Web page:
The travel health insurance that millions of Canadians buy may offer no protection at all if they answer a single question incorrectly — no matter how innocent the error — on a medical questionnaire full of convoluted language, confusing clauses and tricky definitions, the CBC's Marketplace has learned.
For some people, the result can be financial ruin when their claims are denied.
That’s what happened to Bill Jennings, 67, and his wife Tracy, 48, of Gold River, B.C., who bought travel insurance from Manulife before leaving on a trip to Fort Walton, Fla., in December 2010.
They filled out the application, including the medical questionnaire, online and thought they were covered in case of illness during their trip.
In Florida, Bill had chest pains and numbness in his arm. He discovered he had suffered a heart attack and needed emergency surgery to remove five blockages in his heart.
The surgeon explained that Bill could not be flown home because a change in altitude could bring on another heart attack.
"Which is why we bought insurance in the first place — unexpected emergency," Tracy said. "This was unexpected."
Recovering back home, Bill was stunned to receive a letter six months later, saying his travel health insurance claim was denied and he owed $346,000 US in medical bills.
"I was just in shock," he said. "I’ve always had travel insurance whenever I’ve left the country. Just in case something happens."
Added Tracy: "We're in financial ruin."
The problem, according to his insurer, Manulife, was the way the Jennings filled out the medical questionnaire.
Manulife says Bill should have answered yes to this question about two conditions:
"In the last two (2) years, have you been prescribed or received treatment for and/or been hospitalized (as an in-patient or seen in the emergency department) and/or been prescribed or taken medication for any of the following conditions: diverticular disorder or gastrointestinal bleeding?"
Bill insists that he didn’t know what was spelled out in his medical file or that he’d been diagnosed with those two conditions. He thought all his symptoms were related to the colon cancer he’d had surgery for 19 months earlier.
"Most importantly to me would be the question, 'What does anything, what does anything related to this have to do with Bill’s heart?'" Tracy said. "Absolutely nothing. Absolutely nothing."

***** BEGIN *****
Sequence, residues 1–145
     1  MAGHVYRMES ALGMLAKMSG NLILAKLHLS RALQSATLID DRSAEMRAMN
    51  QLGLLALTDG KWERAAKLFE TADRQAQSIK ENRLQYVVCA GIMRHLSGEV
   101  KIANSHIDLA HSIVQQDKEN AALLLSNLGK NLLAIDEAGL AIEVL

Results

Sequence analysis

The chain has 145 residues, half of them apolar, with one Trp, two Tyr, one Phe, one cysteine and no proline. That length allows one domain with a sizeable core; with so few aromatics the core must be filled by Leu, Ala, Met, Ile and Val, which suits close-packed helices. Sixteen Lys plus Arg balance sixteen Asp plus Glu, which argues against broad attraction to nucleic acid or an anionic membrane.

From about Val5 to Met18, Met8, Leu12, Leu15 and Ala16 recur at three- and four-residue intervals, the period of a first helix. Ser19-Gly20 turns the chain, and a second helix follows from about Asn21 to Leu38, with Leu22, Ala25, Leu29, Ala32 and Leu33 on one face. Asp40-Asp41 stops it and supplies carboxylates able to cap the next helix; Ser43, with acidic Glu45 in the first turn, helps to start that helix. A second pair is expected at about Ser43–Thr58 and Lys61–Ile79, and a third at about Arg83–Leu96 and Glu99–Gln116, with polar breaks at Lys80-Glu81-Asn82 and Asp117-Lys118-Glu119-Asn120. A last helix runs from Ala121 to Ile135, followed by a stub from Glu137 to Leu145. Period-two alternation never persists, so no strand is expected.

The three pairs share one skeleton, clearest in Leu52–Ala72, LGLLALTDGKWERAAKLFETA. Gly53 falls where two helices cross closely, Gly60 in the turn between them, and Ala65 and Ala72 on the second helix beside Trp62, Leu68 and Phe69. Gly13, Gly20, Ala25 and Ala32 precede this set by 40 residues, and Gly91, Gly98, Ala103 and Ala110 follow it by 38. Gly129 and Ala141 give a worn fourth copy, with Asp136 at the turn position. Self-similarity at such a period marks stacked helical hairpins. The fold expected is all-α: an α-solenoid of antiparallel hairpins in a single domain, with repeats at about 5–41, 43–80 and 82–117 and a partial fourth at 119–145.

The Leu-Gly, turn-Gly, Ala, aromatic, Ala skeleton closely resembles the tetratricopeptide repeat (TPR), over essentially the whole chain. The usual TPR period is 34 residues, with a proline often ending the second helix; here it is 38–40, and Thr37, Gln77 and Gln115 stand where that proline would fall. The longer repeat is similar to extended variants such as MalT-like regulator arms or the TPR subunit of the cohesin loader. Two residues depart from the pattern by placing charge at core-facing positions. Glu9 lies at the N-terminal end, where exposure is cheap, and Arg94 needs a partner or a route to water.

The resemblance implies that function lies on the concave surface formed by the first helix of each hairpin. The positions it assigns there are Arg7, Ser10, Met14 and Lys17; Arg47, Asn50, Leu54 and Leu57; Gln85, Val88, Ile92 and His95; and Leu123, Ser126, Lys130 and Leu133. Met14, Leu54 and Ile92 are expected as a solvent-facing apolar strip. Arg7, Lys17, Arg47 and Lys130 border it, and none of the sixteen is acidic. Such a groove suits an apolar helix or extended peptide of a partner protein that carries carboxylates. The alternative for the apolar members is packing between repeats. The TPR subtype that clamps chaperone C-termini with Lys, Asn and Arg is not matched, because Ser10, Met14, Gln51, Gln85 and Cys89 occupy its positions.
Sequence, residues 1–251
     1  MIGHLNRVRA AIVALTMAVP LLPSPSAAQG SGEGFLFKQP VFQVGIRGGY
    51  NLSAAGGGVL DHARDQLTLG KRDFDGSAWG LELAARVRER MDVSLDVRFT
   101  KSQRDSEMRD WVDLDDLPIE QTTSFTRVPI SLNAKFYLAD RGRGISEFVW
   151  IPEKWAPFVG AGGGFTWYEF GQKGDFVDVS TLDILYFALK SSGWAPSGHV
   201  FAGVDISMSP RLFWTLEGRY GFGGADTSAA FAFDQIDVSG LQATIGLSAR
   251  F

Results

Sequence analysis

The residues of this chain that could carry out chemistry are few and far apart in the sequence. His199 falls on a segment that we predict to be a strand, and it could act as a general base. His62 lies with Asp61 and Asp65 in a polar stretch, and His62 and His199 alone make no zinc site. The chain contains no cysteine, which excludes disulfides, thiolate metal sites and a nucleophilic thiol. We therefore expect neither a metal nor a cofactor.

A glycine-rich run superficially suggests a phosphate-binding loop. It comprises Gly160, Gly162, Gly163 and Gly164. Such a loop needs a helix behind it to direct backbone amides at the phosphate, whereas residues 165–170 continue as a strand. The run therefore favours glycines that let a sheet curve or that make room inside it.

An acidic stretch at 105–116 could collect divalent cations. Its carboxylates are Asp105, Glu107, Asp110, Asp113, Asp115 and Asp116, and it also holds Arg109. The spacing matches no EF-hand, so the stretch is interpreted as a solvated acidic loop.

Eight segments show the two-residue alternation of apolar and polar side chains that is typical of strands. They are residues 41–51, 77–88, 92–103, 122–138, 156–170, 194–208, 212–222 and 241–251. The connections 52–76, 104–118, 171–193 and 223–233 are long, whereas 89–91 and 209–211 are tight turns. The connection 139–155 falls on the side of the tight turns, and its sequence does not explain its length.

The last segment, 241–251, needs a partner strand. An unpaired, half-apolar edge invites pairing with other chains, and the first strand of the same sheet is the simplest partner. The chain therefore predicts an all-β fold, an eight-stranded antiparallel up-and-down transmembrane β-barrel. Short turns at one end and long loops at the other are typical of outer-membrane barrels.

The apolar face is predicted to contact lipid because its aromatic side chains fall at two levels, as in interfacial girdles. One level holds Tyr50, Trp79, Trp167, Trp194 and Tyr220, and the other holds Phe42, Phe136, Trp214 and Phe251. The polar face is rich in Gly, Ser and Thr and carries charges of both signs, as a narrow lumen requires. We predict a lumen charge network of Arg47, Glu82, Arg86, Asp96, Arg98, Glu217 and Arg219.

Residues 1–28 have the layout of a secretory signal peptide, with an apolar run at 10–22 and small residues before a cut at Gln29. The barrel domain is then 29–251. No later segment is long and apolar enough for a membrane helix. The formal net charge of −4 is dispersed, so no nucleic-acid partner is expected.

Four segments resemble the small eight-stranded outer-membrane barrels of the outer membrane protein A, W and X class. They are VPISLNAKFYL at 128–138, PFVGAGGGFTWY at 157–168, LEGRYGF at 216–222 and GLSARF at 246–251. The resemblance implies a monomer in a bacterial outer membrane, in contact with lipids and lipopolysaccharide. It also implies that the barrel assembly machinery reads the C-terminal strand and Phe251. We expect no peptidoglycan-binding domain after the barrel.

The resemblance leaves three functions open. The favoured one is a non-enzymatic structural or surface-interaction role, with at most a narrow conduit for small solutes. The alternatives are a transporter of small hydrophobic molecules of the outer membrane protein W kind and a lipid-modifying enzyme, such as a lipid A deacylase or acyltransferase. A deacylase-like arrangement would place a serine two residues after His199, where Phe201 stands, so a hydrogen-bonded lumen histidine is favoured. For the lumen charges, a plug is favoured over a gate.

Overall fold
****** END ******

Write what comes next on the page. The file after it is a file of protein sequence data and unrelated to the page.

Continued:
Susan Eng of CARP, a Canadian advocacy group for people over 50, says the system is set up for claims to be denied.
"Ordinary people are out thousands and thousands of dollars because they did not get the protection they thought they had — only because they made a mistake on the form that they could not possibly have done correctly," she said.
While people do have the responsibility to fill out the medical questionnaires correctly, the bar is set too high, she said.
"They have to do their best. But as we’ve looked at some examples, the best is not good enough. They simply have all the cards stacked up against them."
According to David Hartman, president of the Travel Health Insurance Association of Canada, of the 500,000 travel insurance claims made every year, 15,000 are denied for a variety of reasons. There are no industry numbers on how many of those denials are because of the medical questionnaire, but research by the CBC's Marketplaceshows the number could be in the thousands.
Bill collectors are pursuing the Jennings, though there is a glimmer of hope. After the Florida hospital learned the couple were uninsured, it cut their bill. But they still owe $160,000 US.
"My biggest fear is seizing of our property, taking our home," Tracy said.
Insurance companies have had the upper hand for far too long, she said.
"Bottom line is, there’s something wrong in the industry when people are planning a trip, think they have all their t’s crossed and their i’s dotted. We get home, and now we’re in financial ruin. Something should be changed in the industry to protect consumers."